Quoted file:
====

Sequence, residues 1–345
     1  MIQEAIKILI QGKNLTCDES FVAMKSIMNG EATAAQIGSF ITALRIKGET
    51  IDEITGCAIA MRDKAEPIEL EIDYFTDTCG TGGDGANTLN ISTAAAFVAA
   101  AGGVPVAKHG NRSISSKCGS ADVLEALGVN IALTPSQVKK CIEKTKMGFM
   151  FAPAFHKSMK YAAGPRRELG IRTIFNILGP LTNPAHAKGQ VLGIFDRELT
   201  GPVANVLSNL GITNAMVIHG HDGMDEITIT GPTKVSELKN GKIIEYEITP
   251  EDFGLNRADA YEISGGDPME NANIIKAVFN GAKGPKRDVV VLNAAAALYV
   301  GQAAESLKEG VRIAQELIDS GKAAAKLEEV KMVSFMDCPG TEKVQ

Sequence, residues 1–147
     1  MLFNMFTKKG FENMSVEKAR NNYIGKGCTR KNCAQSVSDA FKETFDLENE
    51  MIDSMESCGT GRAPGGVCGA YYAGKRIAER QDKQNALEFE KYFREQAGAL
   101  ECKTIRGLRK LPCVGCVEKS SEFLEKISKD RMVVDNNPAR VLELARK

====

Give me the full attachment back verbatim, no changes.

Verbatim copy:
Sequence, residues 1–345
     1  MIQEAIKILI QGKNLTCDES FVAMKSIMNG EATAAQIGSF ITALRIKGET
    51  IDEITGCAIA MRDKAEPIEL EIDYFTDTCG TGGDGANTLN ISTAAAFVAA
   101  AGGVPVAKHG NRSISSKCGS ADVLEALGVN IALTPSQVKK CIEKTKMGFM
   151  FAPAFHKSMK YAAGPRRELG IRTIFNILGP LTNPAHAKGQ VLGIFDRELT
   201  GPVANVLSNL GITNAMVIHG HDGMDEITIT GPTKVSELKN GKIIEYEITP
   251  EDFGLNRADA YEISGGDPME NANIIKAVFN GAKGPKRDVV VLNAAAALYV
   301  GQAAESLKEG VRIAQELIDS GKAAAKLEEV KMVSFMDCPG TEKVQ

Sequence, residues 1–147
     1  MLFNMFTKKG FENMSVEKAR NNYIGKGCTR KNCAQSVSDA FKETFDLENE
    51  MIDSMESCGT GRAPGGVCGA YYAGKRIAER QDKQNALEFE KYFREQAGAL
   101  ECKTIRGLRK LPCVGCVEKS SEFLEKISKD RMVVDNNPAR VLELARK